Priyanka Chopra dismayed by Child Sexual Abuse in Zimbabwe

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Priyanka Chopra dismayed by Child Sexual Abuse in Zimbabwe

 

 

UNICEF Goodwill Ambassador Priyanka Chopra has called for increased awareness and support for child victims of sexual violence. The actress made an emotional visit to Zimbabwe this week, where she met child survivors of sexual violence and heard their harrowing stories.

“When I met these survivors, young brave women and children, and listened to their experiences, it just broke my heart,” said Chopra. “I will never forget their stories.”

She said it was “an eye-opening experience” meeting girls who had been shunned by society and thrown out of their homes after being raped. She says girls are told it’s their fault.

“I heard a lot of this when I asked these government officials who said girls are asking for it,” she said. Some girls were as young as 3 when they were raped by their fathers, uncles or other relatives, she said.

One out of three children under 18 in Zimbabwe has suffered some form of sexual violence, she said, calling that “staggering.” In neighboring South Africa it’s one out of five, she said.

Chopra, who turned heads with her sweeping Ralph Lauren trench coat at Monday’s Met Gala in New York, said she feels it’s her duty to use her celebrity status to fight for worthy causes, especially violence against children.

“I am from India and I have seen wealth and poverty live together all my life,” she said. “That is the state of the world. That is our reality. It takes people like us who are privileged, who have everything that we may need in abundance, to be able to share it in parts of the world where they may not have that.”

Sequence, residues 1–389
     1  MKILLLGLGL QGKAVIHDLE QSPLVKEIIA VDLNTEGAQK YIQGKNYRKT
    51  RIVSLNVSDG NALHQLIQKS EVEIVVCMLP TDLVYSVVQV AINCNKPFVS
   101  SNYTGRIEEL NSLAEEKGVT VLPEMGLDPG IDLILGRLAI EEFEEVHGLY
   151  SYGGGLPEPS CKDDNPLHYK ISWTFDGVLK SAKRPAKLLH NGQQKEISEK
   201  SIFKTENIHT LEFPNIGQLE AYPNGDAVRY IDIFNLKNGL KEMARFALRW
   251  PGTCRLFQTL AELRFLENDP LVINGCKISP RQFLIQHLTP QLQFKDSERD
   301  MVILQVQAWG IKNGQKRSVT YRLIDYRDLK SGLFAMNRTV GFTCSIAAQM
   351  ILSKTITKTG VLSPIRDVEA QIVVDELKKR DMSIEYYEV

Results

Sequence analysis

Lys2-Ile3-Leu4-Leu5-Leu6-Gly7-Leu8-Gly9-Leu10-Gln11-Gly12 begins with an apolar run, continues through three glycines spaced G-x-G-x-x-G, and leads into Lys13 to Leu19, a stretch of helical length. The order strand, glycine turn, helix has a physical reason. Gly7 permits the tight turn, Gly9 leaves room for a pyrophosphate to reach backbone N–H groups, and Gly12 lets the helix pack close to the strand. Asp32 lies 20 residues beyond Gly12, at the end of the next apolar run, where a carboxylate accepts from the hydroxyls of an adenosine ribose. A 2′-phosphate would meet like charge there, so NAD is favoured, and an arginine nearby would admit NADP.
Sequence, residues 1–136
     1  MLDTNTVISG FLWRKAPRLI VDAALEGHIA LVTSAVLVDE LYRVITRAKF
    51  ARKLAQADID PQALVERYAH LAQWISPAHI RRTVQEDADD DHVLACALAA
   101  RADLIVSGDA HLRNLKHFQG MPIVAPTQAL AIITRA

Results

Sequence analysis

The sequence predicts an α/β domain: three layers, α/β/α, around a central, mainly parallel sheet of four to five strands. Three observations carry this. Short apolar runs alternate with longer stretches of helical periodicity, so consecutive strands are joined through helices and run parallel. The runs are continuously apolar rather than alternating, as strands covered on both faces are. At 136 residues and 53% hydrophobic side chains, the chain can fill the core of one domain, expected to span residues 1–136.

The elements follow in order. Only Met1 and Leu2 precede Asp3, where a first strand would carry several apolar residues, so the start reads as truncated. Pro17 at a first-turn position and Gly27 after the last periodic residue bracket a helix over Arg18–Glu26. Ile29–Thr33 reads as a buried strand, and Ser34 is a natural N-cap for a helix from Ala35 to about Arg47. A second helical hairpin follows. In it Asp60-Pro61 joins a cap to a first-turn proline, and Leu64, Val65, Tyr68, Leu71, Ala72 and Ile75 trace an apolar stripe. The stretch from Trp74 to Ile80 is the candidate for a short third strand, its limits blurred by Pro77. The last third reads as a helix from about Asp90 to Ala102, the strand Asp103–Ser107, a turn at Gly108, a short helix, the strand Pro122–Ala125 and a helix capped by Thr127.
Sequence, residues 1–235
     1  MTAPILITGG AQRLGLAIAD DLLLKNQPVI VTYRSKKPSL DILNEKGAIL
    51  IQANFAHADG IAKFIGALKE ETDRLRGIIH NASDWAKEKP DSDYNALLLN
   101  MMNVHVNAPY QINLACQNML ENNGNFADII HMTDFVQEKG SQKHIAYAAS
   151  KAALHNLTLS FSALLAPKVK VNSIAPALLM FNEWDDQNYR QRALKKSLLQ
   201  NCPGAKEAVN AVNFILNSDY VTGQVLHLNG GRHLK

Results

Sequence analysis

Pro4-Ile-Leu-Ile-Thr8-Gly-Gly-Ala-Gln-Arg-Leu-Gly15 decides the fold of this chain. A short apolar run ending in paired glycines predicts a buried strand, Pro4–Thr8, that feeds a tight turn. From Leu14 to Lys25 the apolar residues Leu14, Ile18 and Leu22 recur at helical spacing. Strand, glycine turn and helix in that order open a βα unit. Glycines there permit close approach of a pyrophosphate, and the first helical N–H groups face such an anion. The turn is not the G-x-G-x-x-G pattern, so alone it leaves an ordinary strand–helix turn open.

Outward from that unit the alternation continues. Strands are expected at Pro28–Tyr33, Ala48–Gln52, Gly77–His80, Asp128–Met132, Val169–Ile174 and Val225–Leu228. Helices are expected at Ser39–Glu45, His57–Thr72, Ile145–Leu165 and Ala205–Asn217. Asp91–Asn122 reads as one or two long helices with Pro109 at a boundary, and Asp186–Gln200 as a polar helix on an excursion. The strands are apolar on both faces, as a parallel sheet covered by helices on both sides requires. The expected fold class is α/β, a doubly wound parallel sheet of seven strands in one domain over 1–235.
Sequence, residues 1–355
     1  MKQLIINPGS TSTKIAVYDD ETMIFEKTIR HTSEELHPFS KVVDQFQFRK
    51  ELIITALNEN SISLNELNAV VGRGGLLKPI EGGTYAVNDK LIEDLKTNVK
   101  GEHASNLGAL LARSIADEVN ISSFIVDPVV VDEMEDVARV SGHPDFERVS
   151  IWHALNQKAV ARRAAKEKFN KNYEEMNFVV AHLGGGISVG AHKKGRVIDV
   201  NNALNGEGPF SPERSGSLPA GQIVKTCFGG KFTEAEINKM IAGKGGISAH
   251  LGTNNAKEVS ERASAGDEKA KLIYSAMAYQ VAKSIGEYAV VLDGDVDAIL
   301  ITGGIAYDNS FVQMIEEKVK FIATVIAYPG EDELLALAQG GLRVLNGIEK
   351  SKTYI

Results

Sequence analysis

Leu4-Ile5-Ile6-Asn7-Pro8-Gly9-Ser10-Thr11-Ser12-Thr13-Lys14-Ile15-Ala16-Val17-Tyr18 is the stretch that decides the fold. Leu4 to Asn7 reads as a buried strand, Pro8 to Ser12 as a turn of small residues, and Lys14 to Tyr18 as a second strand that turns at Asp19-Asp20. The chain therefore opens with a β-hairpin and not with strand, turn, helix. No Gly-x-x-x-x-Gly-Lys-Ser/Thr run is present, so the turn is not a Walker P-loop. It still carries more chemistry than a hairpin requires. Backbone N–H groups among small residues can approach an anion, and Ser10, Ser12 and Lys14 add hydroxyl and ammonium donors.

Once-prosperous Zimbabwe has sunk into economic crisis over the years, with a cash crunch so severe that livestock in some cases is being accepted in lieu of currency. Unemployment is high, and the health and social services system has suffered.

Chopra, who stars in the upcoming “Baywatch” film, said she couldn’t get one Zimbabwe girl’s story out of her mind.

“Sadly, Alice’s story was just one of too many stories I heard from brave young girls during my visit to Zimbabwe. No woman, and most definitely no child, should ever have to experience sexual violence – especially from someone they trust for protection, such as a family member,” said Chopra.

Sexual violence against children is widespread in Zimbabwe. Latest available data shows that close to 1 in 10 girls aged 15-17 years old has been a victim of forced sexual intercourse or a forced sexual act. Approximately 2 in 3 victims were first abused by an intimate partner and approximately 1 in 10 by a stranger.

Too often, sexual violence occurs in homes and is often committed by an individual known to or trusted by the child. Sexual violence against children is therefore mostly invisible and goes largely undocumented. Fear of getting into trouble or not wanting to land the offender in trouble, as well as shame and stigma all contribute to children not reporting the abuse. Additionally, many victims are too young or too vulnerable to know what happened to them.

One survey carried out in Zimbabwe found that 30 per cent of girls aged between 15-17 years who experienced sexual violence never sought help or told anyone.

The girl told Chopra how she was raped by her uncle when she was 7.

“The pastor of their church told her family that she was possessed and she should come and live with him … but the pastor raped her for two years,” Chopra said.”

She was taken away from there and sent to another uncle and aunty of hers. The aunty then forced her to have sex with her husband, who was HIV positive. That was how she contracted HIV at age 17.” The girl tried to kill herself three times before she was rescued by a group that offered her psychological support, Chopra said.

The U.N. Population Fund calls Zimbabwe an “extremely young country,” with 62 percent of the population under 25.

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